20 May, 1941


20 May 1941: The British embassy in Greece holds a memorial service every year in Crete to commemorate the fallen in one of the most dramatic episodes of WWII. The Battle of Crete marked the final victory of the Germans in their two-month-Iong Balkan campaign. The Nazis suffered enormous losses against a militarily weaker adversary as they sought to capture the strategic Greek island by air invasion. The battle started at dawn on May 20 with a massive bombardment of the island's bridges, ports and transport networks by 1,300 German Stukas aiming to cut off the supply routes of some 28,000 Greek and British troops (including thousands of Australians and New Zealanders) that had retreated there from mainland Greece. Within hours, the Nazi air strikes had neutralised the island's regular military defences, paving the way for the invasion and takeover of Crete by successive waves of paratroop landings around the main towns of Hania, Rethymno and Iraklio. But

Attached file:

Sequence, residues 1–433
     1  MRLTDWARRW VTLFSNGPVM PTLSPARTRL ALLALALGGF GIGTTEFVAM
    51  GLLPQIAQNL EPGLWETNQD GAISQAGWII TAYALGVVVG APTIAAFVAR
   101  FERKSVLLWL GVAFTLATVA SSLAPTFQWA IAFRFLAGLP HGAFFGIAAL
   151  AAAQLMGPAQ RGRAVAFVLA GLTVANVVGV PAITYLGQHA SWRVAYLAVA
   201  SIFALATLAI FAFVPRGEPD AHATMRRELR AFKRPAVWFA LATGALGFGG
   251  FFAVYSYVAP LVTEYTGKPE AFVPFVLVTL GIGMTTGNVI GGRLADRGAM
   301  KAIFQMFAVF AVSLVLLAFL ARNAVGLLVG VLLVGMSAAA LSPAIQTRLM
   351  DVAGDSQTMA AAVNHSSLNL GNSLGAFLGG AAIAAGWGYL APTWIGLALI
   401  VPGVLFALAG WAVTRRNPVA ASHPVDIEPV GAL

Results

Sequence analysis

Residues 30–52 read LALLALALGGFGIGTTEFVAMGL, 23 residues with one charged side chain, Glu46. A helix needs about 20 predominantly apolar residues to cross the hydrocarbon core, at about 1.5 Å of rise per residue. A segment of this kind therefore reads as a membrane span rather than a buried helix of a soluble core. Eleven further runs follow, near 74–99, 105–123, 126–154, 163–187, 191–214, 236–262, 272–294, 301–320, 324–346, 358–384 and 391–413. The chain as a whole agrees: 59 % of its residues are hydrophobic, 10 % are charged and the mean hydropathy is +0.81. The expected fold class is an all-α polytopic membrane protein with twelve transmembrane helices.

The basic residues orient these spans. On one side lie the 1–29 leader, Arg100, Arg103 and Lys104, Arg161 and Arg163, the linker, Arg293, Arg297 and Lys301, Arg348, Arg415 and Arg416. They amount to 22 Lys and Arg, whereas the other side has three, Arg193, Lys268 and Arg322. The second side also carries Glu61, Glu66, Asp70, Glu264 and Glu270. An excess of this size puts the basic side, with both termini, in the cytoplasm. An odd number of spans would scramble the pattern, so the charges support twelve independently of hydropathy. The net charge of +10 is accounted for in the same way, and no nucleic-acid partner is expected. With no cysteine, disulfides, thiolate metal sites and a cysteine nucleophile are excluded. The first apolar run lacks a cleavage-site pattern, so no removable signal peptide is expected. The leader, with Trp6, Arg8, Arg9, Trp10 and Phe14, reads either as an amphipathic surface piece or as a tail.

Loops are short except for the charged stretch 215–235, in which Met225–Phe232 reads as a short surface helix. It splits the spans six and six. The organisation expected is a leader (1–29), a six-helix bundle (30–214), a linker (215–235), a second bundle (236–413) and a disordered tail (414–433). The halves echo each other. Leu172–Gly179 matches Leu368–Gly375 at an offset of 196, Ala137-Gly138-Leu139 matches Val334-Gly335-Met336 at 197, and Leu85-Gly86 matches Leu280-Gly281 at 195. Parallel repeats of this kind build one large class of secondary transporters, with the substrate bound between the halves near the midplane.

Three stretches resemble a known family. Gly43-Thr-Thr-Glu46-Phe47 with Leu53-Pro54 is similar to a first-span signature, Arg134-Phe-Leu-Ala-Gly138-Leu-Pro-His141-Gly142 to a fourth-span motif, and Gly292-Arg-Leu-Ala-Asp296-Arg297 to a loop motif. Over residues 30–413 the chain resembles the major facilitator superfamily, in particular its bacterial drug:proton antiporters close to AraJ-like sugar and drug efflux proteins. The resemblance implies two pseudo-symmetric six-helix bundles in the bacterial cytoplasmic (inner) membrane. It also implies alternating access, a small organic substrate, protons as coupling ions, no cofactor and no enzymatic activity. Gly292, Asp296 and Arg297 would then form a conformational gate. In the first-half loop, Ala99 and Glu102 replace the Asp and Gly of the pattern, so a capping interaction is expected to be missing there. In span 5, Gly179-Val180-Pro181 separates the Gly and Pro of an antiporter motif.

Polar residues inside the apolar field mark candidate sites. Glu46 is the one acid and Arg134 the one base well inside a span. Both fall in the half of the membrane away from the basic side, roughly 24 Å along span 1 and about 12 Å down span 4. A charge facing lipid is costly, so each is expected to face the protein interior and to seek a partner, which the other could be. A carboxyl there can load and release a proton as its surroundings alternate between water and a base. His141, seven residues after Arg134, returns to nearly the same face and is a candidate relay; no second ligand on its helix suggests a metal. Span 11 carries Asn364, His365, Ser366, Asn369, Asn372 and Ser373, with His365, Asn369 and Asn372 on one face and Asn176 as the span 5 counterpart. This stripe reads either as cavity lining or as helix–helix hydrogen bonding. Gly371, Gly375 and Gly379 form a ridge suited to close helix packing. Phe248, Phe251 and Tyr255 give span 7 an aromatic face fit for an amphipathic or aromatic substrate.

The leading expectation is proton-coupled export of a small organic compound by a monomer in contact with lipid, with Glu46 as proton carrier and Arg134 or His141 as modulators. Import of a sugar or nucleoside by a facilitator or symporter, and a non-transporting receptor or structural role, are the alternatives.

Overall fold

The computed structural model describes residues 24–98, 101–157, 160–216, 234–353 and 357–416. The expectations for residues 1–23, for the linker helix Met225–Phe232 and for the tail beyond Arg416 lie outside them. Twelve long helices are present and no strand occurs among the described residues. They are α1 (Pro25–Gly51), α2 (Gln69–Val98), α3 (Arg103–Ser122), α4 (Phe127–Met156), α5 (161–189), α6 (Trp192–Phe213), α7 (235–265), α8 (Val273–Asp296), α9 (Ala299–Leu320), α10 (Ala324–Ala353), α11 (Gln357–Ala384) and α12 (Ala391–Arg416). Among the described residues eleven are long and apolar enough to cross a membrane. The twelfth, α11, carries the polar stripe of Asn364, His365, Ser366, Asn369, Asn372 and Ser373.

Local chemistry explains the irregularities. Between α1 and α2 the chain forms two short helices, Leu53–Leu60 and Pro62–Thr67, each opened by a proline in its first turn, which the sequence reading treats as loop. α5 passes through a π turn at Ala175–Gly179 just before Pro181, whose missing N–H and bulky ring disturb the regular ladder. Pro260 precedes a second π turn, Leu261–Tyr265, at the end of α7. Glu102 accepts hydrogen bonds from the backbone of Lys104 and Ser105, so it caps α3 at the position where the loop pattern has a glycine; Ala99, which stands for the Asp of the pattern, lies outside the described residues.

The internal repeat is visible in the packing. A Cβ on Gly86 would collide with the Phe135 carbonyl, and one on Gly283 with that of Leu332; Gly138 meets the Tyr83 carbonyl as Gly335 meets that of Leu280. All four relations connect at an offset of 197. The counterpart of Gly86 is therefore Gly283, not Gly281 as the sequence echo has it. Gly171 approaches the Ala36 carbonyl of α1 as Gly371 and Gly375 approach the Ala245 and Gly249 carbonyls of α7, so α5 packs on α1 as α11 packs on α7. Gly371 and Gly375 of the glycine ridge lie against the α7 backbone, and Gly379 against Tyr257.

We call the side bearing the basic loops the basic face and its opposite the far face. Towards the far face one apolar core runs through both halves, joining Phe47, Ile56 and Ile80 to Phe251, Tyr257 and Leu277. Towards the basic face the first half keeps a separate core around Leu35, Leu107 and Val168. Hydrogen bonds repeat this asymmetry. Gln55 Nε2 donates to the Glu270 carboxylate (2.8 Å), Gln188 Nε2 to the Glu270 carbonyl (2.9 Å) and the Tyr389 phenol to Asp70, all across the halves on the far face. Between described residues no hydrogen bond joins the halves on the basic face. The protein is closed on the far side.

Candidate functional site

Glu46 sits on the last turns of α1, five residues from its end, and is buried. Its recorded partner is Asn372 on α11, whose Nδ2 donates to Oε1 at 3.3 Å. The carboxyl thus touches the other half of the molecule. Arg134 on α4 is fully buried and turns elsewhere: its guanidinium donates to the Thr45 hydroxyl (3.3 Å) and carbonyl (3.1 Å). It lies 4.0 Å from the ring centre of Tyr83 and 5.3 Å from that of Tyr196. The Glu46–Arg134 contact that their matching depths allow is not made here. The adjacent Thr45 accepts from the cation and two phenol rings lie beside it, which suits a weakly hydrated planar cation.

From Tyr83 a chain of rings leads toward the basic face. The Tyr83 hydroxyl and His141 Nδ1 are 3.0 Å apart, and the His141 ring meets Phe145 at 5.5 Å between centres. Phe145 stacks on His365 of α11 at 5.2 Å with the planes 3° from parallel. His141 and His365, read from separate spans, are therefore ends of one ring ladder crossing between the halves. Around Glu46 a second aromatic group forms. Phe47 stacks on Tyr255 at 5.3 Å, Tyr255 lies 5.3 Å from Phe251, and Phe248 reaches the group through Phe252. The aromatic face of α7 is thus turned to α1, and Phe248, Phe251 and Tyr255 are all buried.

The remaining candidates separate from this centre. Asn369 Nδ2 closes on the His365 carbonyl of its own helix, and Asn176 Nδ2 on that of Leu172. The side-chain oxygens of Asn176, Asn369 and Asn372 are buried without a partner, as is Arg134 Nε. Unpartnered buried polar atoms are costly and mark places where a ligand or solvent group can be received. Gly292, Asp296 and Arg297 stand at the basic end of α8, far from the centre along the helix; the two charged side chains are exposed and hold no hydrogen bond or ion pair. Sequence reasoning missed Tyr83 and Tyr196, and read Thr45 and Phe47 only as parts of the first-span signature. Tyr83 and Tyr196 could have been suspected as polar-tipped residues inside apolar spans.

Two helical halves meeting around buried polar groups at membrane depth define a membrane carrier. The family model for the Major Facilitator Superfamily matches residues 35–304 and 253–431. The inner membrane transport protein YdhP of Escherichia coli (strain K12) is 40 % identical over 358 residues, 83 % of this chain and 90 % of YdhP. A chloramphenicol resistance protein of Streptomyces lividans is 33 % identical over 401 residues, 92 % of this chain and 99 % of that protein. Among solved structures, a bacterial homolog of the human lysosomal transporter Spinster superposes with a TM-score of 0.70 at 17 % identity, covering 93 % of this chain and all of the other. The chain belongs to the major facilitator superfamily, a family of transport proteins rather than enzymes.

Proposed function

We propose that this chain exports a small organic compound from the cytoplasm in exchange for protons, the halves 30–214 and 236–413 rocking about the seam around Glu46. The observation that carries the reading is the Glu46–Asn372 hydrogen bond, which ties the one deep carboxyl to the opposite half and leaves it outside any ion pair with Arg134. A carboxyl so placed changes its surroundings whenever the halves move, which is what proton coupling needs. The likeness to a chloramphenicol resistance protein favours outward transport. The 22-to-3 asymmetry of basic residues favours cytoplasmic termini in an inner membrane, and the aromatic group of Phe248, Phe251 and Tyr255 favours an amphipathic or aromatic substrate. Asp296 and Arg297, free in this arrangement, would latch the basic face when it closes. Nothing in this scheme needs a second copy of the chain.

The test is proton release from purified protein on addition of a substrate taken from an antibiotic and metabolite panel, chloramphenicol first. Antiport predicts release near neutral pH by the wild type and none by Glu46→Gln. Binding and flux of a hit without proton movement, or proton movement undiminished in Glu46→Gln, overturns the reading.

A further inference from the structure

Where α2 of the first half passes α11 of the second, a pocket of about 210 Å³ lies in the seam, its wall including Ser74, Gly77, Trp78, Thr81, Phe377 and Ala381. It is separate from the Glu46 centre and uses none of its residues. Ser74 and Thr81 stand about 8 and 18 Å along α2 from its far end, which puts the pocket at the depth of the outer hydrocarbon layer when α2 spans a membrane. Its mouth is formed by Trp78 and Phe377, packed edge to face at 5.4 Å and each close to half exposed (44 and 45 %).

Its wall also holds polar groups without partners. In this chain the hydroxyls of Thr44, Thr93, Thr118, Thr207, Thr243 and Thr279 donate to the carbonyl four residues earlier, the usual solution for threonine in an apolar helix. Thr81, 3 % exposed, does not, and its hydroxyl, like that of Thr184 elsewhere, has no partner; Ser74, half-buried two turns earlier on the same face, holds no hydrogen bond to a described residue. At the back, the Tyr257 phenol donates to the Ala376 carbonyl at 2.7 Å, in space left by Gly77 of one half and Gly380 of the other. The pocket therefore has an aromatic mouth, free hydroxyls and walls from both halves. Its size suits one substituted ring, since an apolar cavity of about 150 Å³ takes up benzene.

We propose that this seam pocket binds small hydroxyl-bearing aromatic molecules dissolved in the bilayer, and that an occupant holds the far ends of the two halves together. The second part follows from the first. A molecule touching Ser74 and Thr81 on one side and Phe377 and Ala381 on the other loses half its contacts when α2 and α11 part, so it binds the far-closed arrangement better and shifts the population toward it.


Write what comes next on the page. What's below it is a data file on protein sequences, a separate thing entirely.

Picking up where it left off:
the spontaneous resistance of Cretans, armed with stones, knives, axes and hunting rifles (as shown in this archival print), virtually decimated the first waves of several thousand Nazi paratroopers. Only the widespread destruction of villages and towns by a renewed German campaign of blanket bombings forced the British-Greek high command to evacuate its forces from the island on May 27, leaving the Cretan civilians to bear the full brunt of Nazi retaliation for their heroic resistance, with daily mass executions for most of the summer of 1941. By the end of the battle for the island, the German side had lost more than 6,500 elite troops, which was the highest casualty figure the Nazis had sustained in a single WWII campaign prior to their invasion of Russia in the autumn of the same year. The corresponding losses of regular troops on the Greek and British side were estimated at 5,500 dead and 12,000 POWs. The Battle of Crete is commemorated each year on May 20 with joint events and war-veteran reunions on the Greek island itself as well as in Britain, Australia and New Zealand

Dimitris Yannopoulos

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(Posting date 4 June 2007)

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